MI--Accused archbishop leaves new Michigan post; Victims respond
For immediate release: Thursday, Jan. 21, 2016
Accused Archbishop John Nienstedt is leaving his Battle Creek Michigan post. But Catholic officials in Rome, Kalamazoo and St. Paul should have ordered him to leave. For the safety of the parishioners and the public, he should not ever be put back into ministry. Doing so would be a risky, callous move that would reward and encourage more recklessness and deceit.
We hope every single person who saw, suspected or suffered crimes, misdeeds or cover ups by Nienstedt or other church officials will find the strength to call police, expose wrongdoers and protect kids.
(SNAP, the Survivors Network of those Abused by Priests, is the world’s oldest and largest support group for clergy abuse victims. SNAP was founded in 1988 and has more than 20,000 members. Despite the word “priest” in our title, we have members who were molested by religious figures of all denominations, including nuns, rabbis, bishops, and Protestant ministers. Our website is SNAPnetwork.org)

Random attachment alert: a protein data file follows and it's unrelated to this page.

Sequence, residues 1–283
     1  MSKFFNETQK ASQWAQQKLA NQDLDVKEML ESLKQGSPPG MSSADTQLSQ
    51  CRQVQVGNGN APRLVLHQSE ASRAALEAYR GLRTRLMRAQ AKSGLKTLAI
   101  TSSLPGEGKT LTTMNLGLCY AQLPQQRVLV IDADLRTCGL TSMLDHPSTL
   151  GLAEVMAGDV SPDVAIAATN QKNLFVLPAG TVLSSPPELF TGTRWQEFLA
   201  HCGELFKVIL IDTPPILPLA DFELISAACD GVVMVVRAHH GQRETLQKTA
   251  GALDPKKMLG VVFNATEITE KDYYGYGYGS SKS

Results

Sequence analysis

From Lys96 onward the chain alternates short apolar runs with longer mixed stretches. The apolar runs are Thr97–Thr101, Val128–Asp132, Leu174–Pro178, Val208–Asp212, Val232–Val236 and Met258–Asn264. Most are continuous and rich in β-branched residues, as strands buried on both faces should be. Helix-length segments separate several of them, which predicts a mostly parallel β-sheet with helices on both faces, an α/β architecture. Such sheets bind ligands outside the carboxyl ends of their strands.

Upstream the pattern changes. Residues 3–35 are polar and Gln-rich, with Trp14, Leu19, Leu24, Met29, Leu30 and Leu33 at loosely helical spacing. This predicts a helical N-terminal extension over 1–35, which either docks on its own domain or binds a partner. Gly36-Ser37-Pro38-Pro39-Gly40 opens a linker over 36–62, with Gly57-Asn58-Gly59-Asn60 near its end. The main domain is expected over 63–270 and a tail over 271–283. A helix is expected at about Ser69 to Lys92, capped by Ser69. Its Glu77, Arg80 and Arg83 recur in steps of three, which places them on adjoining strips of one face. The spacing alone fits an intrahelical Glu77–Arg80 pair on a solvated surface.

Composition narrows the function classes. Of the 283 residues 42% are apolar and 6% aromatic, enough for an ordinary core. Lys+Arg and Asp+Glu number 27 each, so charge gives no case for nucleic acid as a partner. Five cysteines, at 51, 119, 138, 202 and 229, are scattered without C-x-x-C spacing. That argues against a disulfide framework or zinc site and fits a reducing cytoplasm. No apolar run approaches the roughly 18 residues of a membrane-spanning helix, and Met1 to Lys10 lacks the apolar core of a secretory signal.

Contact - David Clohessy (314-566-9790 cell, email@example.com, SNAPclohessy@aol.com), Barbara Dorris (314-503-0003 cell, bdorris@SNAPnetwork.org), Barbara Blaine (312-399-4747, firstname.lastname@example.org)
Controversial archbishop leaves Michigan parish
By Rosemary Parker | email@example.com on January 21, 2016 at 11:29 AM
BATTLE CREEK, MI -- Parishioners at St. Philip Catholic Church here learned Thursday morning that the controversial Archbishop John Nienstedt has left Battle Creek, just two weeks into what was to be a six-months-long stay.
Nienstedt resigned last summer from his archdiocese in Minneapolis-St. Paul after it was slapped with civil and criminal charges that church leaders had failed to protect children there by covering up and failing to report suspicions of sex abuse by clergy.
Nienstedt quiestly arrived in Michigan Jan. 6 to help St. Philip pastor Rev. John Fleckenstein, who has been ill, an arrangement made between the two of them, long-time friends.
The Diocese of Kalamazoo had OKed Nienstedt's work here, saying it . . .